According to Datta, one critical advantage to UMD’s eVTOL research is the university’s historic Glenn L. Martin Wind Tunnel. Constructed in 1949, it is one of only a few tunnels its size on a university campus. This facility enables them to acquire truth-data from direct observation that is critical to the safe design of advanced rotorcraft, yet far beyond what the best computational tools can predict. Special-purpose rigs are needed to carry out model tests in the tunnel.

One such rig is the Maryland Tiltrotor Rig (MTR). Designed to study the aeromechanics of advanced prop-rotors and wing combinations, the MTR has a direct electric drive on the pylon so that data collected in the course of the project can also be applied to eVTOL. The MTR can test up to 4.75-foot diameter Mach-scaled rotors, features interchangeable blades and hubs turning at 2,500 revolutions per minute, and has interchangeable spars that can change the wing behavior.

“It is the only test rig of its kind on a university campus,” says Datta, “and the Ph.D. students who developed it are laying the foundations of the future of tiltrotor and eVTOL research at Maryland for the next decade.”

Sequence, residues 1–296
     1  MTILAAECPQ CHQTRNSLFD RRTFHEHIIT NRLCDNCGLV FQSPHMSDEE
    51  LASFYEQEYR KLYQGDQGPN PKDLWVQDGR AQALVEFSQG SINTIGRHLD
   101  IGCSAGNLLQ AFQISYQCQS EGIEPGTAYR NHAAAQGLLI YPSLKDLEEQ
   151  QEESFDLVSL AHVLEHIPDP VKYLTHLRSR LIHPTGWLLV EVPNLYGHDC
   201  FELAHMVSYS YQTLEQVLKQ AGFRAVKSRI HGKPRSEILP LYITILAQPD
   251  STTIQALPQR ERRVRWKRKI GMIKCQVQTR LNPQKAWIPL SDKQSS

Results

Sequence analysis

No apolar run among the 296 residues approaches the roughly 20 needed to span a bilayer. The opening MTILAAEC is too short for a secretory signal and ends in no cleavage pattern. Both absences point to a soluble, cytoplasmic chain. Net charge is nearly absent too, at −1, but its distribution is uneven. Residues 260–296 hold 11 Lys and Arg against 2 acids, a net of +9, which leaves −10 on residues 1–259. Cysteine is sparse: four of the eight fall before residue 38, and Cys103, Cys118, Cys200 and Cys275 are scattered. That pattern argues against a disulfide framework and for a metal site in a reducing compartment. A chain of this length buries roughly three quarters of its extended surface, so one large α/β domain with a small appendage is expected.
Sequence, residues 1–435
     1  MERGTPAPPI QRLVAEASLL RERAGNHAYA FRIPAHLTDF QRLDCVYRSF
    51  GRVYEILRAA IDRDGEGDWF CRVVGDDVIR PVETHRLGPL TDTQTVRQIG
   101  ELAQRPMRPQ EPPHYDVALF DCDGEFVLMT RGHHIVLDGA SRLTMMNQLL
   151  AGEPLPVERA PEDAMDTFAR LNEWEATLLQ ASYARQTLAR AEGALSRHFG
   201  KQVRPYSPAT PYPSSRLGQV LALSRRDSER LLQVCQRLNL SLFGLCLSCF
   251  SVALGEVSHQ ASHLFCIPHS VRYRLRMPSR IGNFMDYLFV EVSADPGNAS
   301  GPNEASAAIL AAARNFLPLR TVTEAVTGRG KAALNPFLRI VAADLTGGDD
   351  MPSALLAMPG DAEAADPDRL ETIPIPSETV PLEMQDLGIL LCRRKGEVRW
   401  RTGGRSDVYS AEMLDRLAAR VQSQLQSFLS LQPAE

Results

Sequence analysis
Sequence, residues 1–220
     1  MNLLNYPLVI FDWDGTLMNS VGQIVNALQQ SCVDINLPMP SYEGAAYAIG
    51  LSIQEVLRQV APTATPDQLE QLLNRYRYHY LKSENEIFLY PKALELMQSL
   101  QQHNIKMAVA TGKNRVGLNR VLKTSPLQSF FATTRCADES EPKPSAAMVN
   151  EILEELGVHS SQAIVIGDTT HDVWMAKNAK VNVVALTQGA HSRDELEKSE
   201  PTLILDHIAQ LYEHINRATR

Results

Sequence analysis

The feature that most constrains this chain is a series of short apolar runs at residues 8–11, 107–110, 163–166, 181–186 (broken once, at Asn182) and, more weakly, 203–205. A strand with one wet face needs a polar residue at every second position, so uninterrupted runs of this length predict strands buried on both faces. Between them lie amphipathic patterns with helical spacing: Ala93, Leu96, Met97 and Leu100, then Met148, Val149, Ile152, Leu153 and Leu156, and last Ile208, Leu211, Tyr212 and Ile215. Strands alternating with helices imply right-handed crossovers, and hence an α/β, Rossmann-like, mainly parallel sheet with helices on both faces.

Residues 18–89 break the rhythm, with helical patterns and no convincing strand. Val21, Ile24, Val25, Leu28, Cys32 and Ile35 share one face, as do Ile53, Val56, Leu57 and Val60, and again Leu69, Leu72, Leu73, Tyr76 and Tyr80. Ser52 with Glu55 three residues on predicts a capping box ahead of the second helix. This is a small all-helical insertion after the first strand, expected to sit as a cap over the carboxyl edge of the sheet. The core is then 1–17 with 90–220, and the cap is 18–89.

Datta was a member of the American Helicopter Society’s (AHS) inaugural eVTOL workshop in 2014, chaired the NASA Aeronautics Research Institute’s (NARI) Transformative Vertical Flight working group on intra-city Urban Air Mobility in 2016, and led the AHS in establishing eVTOL as a distinct technical discipline by founding the eVTOL Technical Committee in 2019. Chaired by Datta, this committee includes technical leaders from across industry, government, and several UMD alumni who have become leaders in the field of rotorcraft.

As part of these efforts, Datta, with support from the Vertical Flight Society (VFS, formerly AHS) and NASA, created the first formal education course in eVTOL now taught annually at the VFS Forum and the American Institute of Aeronautics and Astronautics (AIAA) Aviation forum.